Improvisation exercises for beginning, intermediate and advanced tap dancers
Improvisation. There’s no better word to send tap students into a panic. They can memorize choreography, perform in front of huge crowds and pull off crystal clear one-footed wings, but when faced with the prospect of making up steps on the fly, they freeze.
“Almost every student I’ve ever had has been terrified,” says Chloé Arnold, who directs the DC Tap Fest in addition to her own company, Syncopated Ladies. “So I tell them my stories, how many embarrassing moments I’ve had—publicly embarrassing moments, not just in a small studio but onstage. [Improvisation] is scary, but once you give it a try, you realize it’s the best thing that ever happened.”
As an artform, tap developed organically. It was more common to find tap on street corners and in nightclubs than in dance studios and on competition stages. Improvisation, jams and cutting contests became hallmarks of the discipline, passed down from one generation to the next. Improvising can help students understand the artform’s history and make them more competitive on the job market, but this doesn’t mean it’s an easy skill to master—or to teach. We’ve pulled together a series of exercises designed to help all levels of tap students find their voice.
• Just heels: A great way to get newcomers started is to limit their step vocabulary. Arnold suggests a traditional improvisation circle, in which dancers take turns performing, but there’s a catch: “I tell them for this first round, you’re going to only use your heels. Then the next round, only your toes.” The goal is to be as rhythmically creative as possible while using only one part of the foot, or one simple step, such as a shuffle or a cramp roll. “Starting small, with just two to four bars of music (or 8 to 16 counts) per dancer, helps students realize that improvisation is less about steps and more about music,” she says.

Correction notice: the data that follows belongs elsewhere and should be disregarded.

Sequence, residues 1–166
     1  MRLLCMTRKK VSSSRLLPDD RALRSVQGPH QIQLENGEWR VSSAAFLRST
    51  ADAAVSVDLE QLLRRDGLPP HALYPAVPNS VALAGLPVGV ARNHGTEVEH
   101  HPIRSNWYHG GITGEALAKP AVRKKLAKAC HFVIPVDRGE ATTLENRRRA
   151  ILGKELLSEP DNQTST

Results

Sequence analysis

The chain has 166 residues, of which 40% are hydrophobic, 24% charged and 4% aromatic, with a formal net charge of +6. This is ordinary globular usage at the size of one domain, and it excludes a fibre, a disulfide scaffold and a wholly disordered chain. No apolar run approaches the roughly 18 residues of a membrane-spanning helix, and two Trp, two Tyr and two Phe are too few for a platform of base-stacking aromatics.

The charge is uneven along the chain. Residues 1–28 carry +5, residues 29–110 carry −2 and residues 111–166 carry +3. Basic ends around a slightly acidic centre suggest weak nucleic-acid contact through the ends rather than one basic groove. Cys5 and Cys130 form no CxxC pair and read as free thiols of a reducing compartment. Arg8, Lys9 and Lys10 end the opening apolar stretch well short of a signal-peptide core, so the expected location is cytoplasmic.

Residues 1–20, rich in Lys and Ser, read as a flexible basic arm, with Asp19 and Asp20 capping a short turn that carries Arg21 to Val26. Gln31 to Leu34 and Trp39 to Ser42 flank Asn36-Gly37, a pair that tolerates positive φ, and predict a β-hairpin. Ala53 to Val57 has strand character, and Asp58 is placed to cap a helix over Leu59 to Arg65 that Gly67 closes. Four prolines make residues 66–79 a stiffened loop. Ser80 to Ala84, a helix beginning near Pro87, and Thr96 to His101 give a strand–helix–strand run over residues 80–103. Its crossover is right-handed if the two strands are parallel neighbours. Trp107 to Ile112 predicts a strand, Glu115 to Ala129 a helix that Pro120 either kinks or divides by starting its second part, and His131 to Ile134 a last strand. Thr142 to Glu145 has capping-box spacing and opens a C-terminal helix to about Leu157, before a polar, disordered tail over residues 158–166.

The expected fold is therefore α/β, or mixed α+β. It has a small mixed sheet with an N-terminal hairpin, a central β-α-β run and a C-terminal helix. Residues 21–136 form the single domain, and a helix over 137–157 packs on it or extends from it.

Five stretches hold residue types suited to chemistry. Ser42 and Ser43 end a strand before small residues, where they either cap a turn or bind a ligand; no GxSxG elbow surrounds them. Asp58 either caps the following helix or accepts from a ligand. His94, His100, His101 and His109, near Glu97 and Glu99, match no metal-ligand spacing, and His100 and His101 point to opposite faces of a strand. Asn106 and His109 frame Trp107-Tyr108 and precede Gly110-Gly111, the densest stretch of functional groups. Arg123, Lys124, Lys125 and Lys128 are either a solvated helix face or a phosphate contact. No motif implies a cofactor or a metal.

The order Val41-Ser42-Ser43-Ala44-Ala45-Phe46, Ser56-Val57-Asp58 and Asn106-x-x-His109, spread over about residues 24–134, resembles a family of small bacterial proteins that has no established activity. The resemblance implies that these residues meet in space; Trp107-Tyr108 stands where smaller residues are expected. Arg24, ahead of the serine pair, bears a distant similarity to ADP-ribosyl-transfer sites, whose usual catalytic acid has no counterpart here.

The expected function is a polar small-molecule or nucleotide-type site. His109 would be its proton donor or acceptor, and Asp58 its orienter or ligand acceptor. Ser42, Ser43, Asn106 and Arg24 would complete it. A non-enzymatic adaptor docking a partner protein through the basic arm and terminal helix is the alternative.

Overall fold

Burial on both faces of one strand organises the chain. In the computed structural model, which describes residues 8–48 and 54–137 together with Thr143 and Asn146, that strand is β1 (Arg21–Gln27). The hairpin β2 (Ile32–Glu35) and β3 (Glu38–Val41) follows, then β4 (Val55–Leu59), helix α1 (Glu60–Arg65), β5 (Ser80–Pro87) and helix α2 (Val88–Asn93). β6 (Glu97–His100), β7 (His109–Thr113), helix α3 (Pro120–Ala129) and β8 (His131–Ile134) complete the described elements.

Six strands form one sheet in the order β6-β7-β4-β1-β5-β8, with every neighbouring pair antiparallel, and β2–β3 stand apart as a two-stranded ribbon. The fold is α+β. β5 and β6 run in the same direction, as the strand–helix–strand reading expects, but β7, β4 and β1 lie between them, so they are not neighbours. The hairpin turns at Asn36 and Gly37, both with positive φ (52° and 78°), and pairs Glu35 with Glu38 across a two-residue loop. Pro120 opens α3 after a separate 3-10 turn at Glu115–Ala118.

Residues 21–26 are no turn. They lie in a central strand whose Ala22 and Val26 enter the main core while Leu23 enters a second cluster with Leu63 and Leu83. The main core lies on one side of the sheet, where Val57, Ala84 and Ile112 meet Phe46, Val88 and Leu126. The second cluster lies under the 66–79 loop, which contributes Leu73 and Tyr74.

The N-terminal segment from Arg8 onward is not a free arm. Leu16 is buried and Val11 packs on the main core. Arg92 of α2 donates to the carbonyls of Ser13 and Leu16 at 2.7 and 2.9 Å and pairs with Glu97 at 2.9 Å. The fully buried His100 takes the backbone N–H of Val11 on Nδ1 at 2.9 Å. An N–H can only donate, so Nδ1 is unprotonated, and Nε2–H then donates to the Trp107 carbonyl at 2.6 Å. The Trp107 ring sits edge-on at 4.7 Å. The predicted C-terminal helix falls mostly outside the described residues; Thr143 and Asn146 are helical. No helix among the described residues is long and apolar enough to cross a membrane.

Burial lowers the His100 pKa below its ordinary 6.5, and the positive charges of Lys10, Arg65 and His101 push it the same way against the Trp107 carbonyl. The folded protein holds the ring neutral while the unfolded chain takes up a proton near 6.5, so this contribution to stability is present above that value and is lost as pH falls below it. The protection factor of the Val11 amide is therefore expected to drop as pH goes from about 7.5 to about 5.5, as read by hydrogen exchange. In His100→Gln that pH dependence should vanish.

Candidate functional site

• Concentrate on accents: Annette Walker, a professional tap dancer who teaches the Renegade Stage session for newcomers to the London Tap Jam, likes to tie tap to its jazz roots. She asks dancers to create and repeat a simple four-count phrase that accents the two and the four of each bar. “As they get the hang of it, I slowly build up the layers of complexity to introduce multitasking,” she says. “For example, rest on one, accent the ‘and’ between two beats and include a turn.” She uses this exercise to help dancers become familiar with the underlying swing feel in jazz/swing music and more aware of changing rhythms. “It’s a concentration game aimed at staying in the present and letting go of past mistakes. Plus, it often ends with lots of laughter, so it’s a good icebreaker.”
• The steps they know: For tappers who are more accomplished but still relatively new to improvisation, Andrew Nemr, director of the New York City–based tap company Cats Paying Dues, asks students to stick with basic steps such as flaps and shuffles. The restriction of vocabulary to steps they really know helps them gain confidence with making choices. “People get bored doing the same thing, but they’re scared to try something new because they’re afraid of making a mistake,” he says. “The trick is to build a context of practice for the circle that is encouraging of the mistake. We go around, starting with two-bar phrases, then four, then eight. If students stick with what they know until they’re bored, then eventually they’ll have to try something new.”
• Three and a break: Because standard tap choreography often includes a step repeated three times followed by a break, Arnold has her intermediate students create a phrase by improvising a step and repeating it three times, then creating a new step for the break. “The challenge becomes: Can you remember what you improvised? And how can you work that into a phrase?” This also helps students internalize what eight bars feels like and improves their musicality.
• Make a duet: According to Nemr, “the final frontier of improvisation is that of a relationship.” Improvised duets are harder than they look, and they help students realize that their choices are going to affect someone else. “It always starts as a complete mess but slowly dancers realize, ‘Oh! I can’t do everything I wanted to do because there’s not enough space, so how do I find a way to contribute to what’s going on?’”
• String it together: Arnold encourages advanced dancers to experiment with the building blocks of improvisation on their own. “I tell them to start with a chorus, then two choruses together, then a whole song,” she says. She advises trying a new song each month or even each week. “They’ll start to really understand the music and hear things they didn’t hear before.” DT
Kat Richter is executive director of the Philadelphia-based Lady Hoofers Tap Ensemble.
Photos from top: by Andy Field, courtesy of Annette Walker; by Sandra Moreta, courtesy of Andrew Nemr